Due to the fact that, when idling, the compressor pressure is only 30 p.s.i. the back pressure on the compressor vanes is reduced and the power consumed whilst the compressor remains in the idling mode is considerably reduced, for instance to about 50% of the previous typical value. A considerable financial economy is thus made over a simple full pressure offloading system.
FIGS. 3 and 4 show a modified compressor whose construction and operation are very similar to that of FIGS. 1 and 2, and the same reference numerals are used to designate the same parts. However in this construction the vent valve is omitted and replaced by a vent passage 40 connected to the changeover valve 18.
When the changeover valve is in the on-load position shown in FIG. 3, inlet pressure is applied to the back of the minimum pressure valve 20 and the rear control groove 16, as in the first construction. In addition the vent passage 40 is connected to a passage 42 which also communicates with the delivery and compression spaces of the compressor. During normal operation substantially no air will therefore pass through the vent passage.
When the pressure in the supply line 1 reaches about 105 p.s.i. the change-over valve switches into the no-load condition. The pressure behind the minimum pressure valve 20 and in the rear control groove 16 is switched to be equal to the compressor pressure and the vent passage is connected to the atmosphere. Air is now continually bled from the delivery and compression spaces whose pressure rapidly drops at a rate determined by the dimensions of the vent passage, changeover valve and associated pipework.
As before the minimum pressure valve is maintained closed thus ensuring that the supply line is not vented to the compressor.
As the compressor pressure falls the servo piston moves under the action of the restoring spring so as to prevent the servo controlled pressure being communicated to the unloader valve cylinder, however, the pressure at the servo piston rear control groove, which is now equal to the compressor pressure is not permitted to act on the unloader valve piston. This is sufficient to hold the unloader valve piston closed. The unloader valve piston spring is such that the unloader valve just begins to open when the compressor pressure sinks to about 30 p.s.i. Thus when the compressor pressure drops below 30 p.s.i. the force acting on the unloader valve piston tending to keep the unloader valve closed is reduced and the unloader valve will then open slightly until the compressor pressure again reaches 30 p.s.i. when the unloader valve again closes.
Air is continually bled from the compressor through the vent passage and the unloader valve soon settles to a steady state in which it is slightly open, the flow rate of air which is admitted being equal to the rate at which air is being bled.
The vent passage 40 communicates with the delivery and compression spaces via the final oil separator of the compressor and is connected at the same level as that at which the separated oil normally lies (see dashed line in FIG. 3). Thus in the idling mode any oil which is separated passes down the vent passage. The connection to the atmosphere is by means of a passage 44 which leads to the compressor inlet, so during idling separated oil is returned to the inlet and recycled.
As before, if the demand for compressed air rises again the pressure in the supply line drops rapidly and the compressor resumes normal on-load operation.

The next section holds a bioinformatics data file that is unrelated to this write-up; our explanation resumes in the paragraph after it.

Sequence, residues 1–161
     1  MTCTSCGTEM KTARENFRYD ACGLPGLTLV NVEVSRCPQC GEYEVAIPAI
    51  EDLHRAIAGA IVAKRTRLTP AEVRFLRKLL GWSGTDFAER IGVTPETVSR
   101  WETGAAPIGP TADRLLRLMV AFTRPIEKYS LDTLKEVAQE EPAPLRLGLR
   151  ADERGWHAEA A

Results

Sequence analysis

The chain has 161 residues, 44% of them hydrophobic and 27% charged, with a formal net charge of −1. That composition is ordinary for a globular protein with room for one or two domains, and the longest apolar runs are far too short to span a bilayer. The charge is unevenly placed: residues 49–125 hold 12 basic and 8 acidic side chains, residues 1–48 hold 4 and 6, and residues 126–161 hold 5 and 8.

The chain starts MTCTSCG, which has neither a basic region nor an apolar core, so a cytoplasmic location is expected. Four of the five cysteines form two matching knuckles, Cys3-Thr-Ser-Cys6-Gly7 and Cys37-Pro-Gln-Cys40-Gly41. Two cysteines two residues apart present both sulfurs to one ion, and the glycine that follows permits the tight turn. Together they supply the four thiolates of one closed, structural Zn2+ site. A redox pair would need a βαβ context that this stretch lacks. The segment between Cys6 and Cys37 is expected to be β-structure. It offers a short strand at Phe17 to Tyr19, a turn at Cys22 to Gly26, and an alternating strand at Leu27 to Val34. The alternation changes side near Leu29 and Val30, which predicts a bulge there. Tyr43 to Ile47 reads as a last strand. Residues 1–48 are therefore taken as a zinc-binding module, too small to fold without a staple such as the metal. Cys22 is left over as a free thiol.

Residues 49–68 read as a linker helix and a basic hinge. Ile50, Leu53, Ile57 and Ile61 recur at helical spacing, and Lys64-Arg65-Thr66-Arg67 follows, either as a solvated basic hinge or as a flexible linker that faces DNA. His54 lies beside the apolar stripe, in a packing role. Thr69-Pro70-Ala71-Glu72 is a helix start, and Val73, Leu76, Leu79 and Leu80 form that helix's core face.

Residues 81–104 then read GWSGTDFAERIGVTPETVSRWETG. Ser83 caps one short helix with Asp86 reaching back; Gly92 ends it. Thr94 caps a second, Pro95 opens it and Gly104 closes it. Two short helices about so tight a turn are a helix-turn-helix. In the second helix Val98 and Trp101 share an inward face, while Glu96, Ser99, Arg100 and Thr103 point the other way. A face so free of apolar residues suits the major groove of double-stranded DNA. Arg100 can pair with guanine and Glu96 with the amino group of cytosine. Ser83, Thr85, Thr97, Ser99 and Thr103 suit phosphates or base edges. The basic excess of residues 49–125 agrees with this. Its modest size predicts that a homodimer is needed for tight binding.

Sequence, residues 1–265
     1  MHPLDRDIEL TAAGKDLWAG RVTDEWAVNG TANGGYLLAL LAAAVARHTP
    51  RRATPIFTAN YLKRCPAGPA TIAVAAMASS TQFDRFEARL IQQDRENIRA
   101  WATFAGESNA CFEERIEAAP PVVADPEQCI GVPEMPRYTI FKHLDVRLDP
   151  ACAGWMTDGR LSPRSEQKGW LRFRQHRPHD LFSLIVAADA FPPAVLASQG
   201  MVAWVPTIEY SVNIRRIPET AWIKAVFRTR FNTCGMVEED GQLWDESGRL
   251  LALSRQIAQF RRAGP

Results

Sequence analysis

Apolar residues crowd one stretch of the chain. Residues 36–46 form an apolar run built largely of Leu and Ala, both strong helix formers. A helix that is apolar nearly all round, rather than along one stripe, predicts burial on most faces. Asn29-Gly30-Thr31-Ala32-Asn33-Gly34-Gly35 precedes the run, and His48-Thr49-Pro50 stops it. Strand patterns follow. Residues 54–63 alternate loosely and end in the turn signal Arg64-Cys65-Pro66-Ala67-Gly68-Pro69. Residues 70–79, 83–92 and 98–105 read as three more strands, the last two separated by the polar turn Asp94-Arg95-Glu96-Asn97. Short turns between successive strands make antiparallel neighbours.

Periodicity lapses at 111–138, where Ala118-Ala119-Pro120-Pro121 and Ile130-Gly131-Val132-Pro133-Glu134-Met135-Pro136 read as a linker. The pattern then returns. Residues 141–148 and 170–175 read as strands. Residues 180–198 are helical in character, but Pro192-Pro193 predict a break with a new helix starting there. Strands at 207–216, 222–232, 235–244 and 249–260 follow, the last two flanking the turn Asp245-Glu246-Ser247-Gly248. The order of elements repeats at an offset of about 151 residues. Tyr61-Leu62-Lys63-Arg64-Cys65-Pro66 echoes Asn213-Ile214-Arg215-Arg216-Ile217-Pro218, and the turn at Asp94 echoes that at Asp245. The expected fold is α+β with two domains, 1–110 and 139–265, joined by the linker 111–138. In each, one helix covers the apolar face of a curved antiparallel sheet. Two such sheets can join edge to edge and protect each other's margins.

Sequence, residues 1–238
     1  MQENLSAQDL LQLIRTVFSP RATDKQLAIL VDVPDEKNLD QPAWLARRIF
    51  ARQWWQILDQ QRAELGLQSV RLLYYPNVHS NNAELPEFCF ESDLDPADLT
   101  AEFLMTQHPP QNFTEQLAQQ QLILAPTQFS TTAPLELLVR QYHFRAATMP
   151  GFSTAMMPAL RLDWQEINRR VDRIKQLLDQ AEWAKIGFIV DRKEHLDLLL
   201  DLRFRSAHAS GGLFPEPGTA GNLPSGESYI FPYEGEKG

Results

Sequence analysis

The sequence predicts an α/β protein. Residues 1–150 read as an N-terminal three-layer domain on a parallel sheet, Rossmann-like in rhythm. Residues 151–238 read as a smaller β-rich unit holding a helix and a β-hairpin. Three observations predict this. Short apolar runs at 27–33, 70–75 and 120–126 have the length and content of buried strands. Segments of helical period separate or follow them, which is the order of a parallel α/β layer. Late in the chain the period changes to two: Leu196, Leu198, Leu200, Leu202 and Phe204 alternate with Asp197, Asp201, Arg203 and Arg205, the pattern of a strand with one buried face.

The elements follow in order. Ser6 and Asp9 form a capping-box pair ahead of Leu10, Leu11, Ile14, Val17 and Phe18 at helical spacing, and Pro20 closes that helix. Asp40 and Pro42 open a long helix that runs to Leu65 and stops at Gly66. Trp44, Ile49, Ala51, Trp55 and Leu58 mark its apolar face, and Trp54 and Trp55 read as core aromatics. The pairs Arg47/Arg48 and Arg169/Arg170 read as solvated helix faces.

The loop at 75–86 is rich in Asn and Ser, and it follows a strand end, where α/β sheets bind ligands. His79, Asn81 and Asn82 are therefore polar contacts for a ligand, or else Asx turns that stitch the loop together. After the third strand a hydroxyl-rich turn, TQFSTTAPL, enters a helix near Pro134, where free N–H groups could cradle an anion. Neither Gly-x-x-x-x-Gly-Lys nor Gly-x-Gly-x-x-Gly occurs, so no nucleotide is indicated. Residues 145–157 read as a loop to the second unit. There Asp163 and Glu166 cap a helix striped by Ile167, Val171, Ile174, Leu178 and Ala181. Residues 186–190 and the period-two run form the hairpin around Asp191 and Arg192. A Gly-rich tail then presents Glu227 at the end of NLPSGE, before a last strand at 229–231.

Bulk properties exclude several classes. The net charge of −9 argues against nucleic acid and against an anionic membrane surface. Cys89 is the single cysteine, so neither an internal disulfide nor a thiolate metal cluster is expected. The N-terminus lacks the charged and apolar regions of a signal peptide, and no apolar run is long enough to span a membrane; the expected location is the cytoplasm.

It has been found in practice that, even when the demand for compressed air is not zero, the supply line pressure may occasionally rise to 105 p.s.i. due to changes in the load or mere random fluctuations. Thus in both embodiments a timer T1 is preferably coupled between the contacts of the pressure switch 34 and the changeover valve 18 so that the changeover valve is only actuated when the pressure in the supply line exceeds 105 p.s.i. for a certain length of time, conveniently about 20 seconds.
It has also been found statistically that when the demand for compressed air has been zero for about 5 minutes, it is likely to remain so for very much longer. Thus the preferred embodiments also include a second timer T2 coupled to the first timer T1 and the changeover valve 18 so that after the changeover valve has been in the no-load position for about 5 minutes the compressor is turned off completely, effecting even greater economies.
In the preferred embodiments the control function is effected electrically and the changeover valve 18 comprises a two way, four position solenoid valve.
FIG. 7 shows the circuitry used in conjunction with the embodiments described in the FIGS. 1-4. As may be seen in FIGS. 1-4, the pressure switch 34 has two sets of contacts. When the compressor is started up the pressure rises and at about 76 p.s.i. one of the two contacts, PS2, closes. At a pressure of about 105 p.s.i. the other of the contacts, PS1, closes (but the unloader valve 2 is not yet fully closed). This starts timer T1 and after twenty seconds contacts T1/2 are closed by time T1 to short the contacts PS1 out of the circuit and contacts T1/1 are closed by timer T1 to switch the solenoid valve 18 into its idling position. This commences the venting operation and closes the unloader valve 2 and also starts the second timer T2. After five minutes T2 switches off the compressor motor 200. If the air demand should resume in these five minutes the contacts PS1 open at about 100 p.s.i. (such switches generally have a differential of several p.s.i. between their opening and closing pressures), but these contacts have been shorted out of the circuit so this has no effect. However, at about 70 p.s.i. contacts PS2 open and normal operation is resumed.
It will be noted from the drawings that both of the described constructions include a flow control valve 46 in the line leading from the changeover valve 18 to the rear control groove 16, which controls the connection of these two components to each other and to the inlet pressure.